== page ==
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Teacher turnover negatively impacts student achievement in Math and English
The Journal
Teacher turnover results in lower student scores in math and English language arts, according to a researcher from the University of Michigan School of Education and two colleagues. Matthew Ronfeldt, assistant professor of educational studies at the University of Michigan (U-M), Susanna Loeb of Stanford University, and James Wyckoff of the University of Virginia studied eight years of data, beginning with the 2001-2002 school year, that included 850,000 observations of grade four and five students at New York City public schools.
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Efforts to recruit poor students lag at some elite colleges
The New York Times
With affirmative action under attack and economic mobility feared to be stagnating, top colleges profess a growing commitment to recruiting poor students. But a comparison of low-income enrollment shows wide disparities among the most competitive private colleges. A student at Vassar, for example, is three times as likely to receive a need-based Pell Grant as one at Washington University in St. Louis.
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Building English proficiency
The Star Online
1MALAYSIA Development Berhad (1MDB) is sponsoring 50,000 copies of The Star’s Newspaper-in-Education (NiE) pullout to 50 secondary schools in Malaysia as well as 50,000 copies of the Step Up pullout to 50 primary schools. 1MDB corporate communications senior vice president Shahriza Embi said students should not be shy to practice the English language.
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Looking for similar articles? Search here, keyword ENGLISH.


Bill urges schools to stock anti-allergy drug
The Associated Press via The Boston Globe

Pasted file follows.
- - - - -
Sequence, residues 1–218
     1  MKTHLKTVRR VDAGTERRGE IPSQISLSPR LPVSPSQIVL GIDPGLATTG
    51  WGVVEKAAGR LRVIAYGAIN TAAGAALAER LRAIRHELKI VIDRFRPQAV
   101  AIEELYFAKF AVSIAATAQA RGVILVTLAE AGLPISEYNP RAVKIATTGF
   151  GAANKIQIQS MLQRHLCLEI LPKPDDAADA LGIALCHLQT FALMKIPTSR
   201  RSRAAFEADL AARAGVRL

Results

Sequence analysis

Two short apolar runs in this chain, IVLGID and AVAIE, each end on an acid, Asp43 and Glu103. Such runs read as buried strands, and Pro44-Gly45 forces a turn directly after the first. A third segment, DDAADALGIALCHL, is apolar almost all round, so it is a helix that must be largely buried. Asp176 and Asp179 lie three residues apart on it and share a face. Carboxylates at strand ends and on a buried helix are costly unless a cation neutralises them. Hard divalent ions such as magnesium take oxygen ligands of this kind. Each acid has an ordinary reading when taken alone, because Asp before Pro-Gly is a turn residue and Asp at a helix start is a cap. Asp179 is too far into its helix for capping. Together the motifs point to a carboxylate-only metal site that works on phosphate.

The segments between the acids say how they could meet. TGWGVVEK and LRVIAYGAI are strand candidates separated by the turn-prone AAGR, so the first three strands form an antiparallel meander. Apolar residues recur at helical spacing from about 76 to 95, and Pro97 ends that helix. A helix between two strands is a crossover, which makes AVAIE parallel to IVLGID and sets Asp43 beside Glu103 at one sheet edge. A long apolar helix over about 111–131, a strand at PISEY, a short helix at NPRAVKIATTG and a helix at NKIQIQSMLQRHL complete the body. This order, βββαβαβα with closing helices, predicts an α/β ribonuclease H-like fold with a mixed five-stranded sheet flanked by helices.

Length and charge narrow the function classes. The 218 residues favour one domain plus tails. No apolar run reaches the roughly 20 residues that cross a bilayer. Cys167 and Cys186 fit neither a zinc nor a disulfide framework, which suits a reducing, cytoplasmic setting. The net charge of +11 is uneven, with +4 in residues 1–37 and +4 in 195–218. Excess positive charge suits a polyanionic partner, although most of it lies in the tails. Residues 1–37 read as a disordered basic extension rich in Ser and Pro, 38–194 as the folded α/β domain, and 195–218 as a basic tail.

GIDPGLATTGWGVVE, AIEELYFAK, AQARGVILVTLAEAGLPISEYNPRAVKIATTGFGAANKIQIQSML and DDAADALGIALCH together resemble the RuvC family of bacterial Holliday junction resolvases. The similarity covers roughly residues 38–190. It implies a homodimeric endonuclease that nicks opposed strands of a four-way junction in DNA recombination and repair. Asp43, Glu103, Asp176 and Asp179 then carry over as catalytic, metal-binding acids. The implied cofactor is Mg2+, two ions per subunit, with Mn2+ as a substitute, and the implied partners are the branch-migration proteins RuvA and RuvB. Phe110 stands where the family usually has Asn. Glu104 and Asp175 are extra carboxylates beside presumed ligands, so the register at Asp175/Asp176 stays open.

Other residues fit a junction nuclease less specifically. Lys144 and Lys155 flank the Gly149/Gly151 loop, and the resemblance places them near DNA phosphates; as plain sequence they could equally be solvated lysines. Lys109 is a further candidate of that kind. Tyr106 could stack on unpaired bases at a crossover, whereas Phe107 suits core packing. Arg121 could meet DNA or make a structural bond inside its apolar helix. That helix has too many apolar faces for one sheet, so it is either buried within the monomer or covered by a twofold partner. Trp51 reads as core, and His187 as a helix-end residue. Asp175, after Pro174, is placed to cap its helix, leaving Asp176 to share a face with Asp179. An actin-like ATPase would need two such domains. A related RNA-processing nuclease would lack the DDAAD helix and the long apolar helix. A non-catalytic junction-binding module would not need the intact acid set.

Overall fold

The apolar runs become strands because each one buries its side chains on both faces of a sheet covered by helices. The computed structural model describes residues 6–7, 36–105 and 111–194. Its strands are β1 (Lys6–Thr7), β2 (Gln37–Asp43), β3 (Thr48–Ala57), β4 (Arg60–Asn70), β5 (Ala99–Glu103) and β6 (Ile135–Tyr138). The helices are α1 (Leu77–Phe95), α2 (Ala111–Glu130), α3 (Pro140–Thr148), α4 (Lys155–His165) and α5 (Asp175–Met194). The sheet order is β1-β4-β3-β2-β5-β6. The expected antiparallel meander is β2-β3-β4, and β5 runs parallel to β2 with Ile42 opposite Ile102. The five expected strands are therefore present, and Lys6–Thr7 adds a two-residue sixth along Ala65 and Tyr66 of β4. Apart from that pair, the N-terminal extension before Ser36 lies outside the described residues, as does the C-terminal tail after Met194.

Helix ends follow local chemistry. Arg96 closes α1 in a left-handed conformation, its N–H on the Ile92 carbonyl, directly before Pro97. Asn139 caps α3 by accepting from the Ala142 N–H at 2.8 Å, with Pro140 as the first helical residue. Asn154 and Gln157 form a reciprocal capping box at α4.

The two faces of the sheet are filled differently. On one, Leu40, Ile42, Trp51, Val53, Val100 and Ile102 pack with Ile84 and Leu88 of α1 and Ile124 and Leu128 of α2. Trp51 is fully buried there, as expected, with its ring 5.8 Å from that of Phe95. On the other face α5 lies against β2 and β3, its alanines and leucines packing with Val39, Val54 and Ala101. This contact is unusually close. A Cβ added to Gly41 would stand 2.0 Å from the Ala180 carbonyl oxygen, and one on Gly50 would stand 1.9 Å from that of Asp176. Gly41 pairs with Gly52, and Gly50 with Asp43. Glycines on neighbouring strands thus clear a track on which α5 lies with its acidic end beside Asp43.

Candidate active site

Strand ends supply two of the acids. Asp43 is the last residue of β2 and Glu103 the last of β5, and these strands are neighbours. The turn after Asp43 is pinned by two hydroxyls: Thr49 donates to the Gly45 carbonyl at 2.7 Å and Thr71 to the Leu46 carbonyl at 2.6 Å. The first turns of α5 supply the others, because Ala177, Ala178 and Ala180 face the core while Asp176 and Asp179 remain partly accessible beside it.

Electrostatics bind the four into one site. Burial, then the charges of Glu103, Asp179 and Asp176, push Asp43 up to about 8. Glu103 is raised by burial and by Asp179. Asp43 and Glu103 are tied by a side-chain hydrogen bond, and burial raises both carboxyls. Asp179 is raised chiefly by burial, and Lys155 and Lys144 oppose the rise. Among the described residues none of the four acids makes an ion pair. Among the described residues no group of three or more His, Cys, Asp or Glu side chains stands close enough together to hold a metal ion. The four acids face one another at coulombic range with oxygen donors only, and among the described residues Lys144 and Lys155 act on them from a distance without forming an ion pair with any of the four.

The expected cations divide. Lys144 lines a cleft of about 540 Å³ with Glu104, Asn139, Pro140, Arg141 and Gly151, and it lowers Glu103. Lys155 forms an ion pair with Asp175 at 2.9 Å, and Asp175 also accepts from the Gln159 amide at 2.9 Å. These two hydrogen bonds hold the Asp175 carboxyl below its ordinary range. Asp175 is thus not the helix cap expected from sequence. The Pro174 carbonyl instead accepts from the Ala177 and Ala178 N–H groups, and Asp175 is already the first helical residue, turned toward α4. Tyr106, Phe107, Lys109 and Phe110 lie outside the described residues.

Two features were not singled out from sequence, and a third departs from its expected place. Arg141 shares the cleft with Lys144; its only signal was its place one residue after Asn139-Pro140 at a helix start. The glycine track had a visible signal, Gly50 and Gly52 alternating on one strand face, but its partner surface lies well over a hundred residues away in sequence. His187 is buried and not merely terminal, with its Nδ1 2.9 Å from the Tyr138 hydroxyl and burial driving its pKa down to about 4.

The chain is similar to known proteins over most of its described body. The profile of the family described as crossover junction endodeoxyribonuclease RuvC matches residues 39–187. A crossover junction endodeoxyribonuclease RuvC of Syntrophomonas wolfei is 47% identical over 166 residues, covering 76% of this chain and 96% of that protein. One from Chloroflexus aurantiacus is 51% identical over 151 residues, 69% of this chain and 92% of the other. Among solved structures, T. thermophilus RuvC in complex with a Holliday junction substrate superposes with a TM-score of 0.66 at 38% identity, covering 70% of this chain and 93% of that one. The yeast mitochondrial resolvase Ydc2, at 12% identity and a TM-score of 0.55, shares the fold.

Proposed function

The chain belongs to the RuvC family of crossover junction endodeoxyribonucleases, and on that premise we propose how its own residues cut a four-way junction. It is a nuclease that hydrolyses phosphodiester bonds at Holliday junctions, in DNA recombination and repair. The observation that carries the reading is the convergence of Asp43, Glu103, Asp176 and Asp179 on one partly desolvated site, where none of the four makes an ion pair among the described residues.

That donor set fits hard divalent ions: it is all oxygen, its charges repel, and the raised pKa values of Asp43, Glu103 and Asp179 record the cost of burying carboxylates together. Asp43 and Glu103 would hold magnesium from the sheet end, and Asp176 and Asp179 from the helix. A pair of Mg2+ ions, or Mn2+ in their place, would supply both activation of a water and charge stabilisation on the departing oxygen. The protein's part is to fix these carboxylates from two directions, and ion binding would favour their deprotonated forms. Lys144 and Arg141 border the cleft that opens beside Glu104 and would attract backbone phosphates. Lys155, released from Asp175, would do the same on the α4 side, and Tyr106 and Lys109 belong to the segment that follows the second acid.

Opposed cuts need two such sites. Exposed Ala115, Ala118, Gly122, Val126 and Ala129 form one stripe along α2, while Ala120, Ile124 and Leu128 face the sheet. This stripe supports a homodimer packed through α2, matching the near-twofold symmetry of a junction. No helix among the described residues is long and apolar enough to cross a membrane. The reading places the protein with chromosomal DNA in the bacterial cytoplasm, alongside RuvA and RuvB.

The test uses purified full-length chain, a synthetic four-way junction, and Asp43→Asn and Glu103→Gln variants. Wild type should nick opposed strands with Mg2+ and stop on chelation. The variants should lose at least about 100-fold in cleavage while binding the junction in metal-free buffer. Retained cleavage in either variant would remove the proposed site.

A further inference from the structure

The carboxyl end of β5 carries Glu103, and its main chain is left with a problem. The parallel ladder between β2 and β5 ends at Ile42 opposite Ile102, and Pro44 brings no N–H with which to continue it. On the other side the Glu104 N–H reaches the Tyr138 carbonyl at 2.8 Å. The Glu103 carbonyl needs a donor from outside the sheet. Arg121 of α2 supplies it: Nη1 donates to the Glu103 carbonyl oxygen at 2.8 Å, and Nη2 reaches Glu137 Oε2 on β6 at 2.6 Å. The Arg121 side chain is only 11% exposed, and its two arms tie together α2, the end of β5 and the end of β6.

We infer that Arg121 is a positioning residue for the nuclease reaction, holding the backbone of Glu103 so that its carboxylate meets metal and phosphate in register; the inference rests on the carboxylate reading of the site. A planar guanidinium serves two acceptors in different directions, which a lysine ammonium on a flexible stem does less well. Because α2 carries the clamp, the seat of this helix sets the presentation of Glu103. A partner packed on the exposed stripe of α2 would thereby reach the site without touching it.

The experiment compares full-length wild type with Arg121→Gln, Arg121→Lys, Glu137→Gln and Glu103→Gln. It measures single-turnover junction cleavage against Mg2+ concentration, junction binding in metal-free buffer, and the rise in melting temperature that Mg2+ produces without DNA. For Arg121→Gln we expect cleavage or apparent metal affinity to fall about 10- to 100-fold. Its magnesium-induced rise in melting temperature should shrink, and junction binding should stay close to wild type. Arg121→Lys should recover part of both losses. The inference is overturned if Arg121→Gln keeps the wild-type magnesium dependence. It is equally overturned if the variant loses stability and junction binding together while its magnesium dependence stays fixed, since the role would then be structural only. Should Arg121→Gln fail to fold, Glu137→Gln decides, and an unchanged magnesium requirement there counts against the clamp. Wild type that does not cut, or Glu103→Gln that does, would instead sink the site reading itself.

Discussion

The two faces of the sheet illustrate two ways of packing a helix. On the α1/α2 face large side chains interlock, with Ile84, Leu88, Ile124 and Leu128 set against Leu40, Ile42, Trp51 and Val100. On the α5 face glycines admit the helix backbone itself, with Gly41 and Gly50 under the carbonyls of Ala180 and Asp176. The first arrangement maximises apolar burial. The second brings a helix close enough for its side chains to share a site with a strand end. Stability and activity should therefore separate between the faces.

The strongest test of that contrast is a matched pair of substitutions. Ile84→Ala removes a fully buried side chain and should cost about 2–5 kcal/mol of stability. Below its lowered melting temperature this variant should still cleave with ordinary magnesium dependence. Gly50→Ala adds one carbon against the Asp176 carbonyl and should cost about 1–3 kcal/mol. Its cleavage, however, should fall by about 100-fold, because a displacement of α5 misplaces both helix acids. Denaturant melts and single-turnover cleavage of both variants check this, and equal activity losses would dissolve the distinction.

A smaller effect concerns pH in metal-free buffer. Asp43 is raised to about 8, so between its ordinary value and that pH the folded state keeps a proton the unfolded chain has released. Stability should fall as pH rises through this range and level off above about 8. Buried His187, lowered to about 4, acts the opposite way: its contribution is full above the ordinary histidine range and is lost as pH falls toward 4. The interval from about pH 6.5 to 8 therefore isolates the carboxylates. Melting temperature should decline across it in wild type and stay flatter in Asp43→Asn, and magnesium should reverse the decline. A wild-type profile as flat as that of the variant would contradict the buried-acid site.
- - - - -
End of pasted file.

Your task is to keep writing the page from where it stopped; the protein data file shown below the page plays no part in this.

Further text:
The House on Tuesday passed legislation aimed at helping schools better prepare for severe, sometimes life-threatening, allergic reactions caused by eating peanuts or other food products. The measure would give grant preferences to states that come up with policies to make epinephrine, a drug used to treat anaphylactic shock, available in schools. It would also encourage schools to permit trained administrators to administer epinephrine to students believed to be having an anaphylactic reaction and require states to review their liability laws to ensure that administrators have adequate legal protections when they come to the aid of students.
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TRENDING ARTICLES
Missed last week's issue? See which articles your colleagues read most.

    House passes partisan NCLB rewrite, but rocky road still ahead (Education Week)
Language wars: Should Spanish-speaking students be taught in English only? (PBS)
ELLs and the debate over the No Child Left Behind rewrite (Education Week)
English main language for Hispanic Americans (ABC News)

Don't be left behind. Click here to see what else you missed.


Senate approves student loan deal
NPR
Borrowing for tuition, housing and books would be less expensive for college students and their parents this fall but the costs could soon start climbing under a bill the Senate passed overwhelmingly Wednesday. The bipartisan proposal would link interest rates on federal student loans to the financial markets, providing lower interest rates right away but higher ones later if the economy improves as expected.
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Dropout indicators found for 1st graders
Education Week
As tracking data on students grow ever more extensive, some Maryland educators are finding that the early-warning signs of a student at risk of dropping out may become visible at the very start of their school careers. The affluent and tech-savvy 149,000-student Montgomery County public schools, in a suburb of Washington, is building one of the first early-warning systems in the country that can identify red flags for 75 percent of future dropouts as early as the second semester of 1st grade.
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Business reviews now available on NABE Bilingual Education Marketplace
Multiview
Nearly seven out of 10 people read online reviews before making a purchase. And in the business-to-business world, reviews are even more important in the decision-making process. To help in your purchasing decisions, we are pleased to announce that we’ve now incorporated business reviews into our Bilingual Education Marketplace. Now you have the opportunity to share your experiences about a company’s products or services with your fellow colleagues, or read what others have to say about a potential future vendor. And to help build our database of reviews, we’re offering you a chance to win a trip to Hawaii just by writing a review! Visit Bilingual Education Marketplace to search for a company and write a review.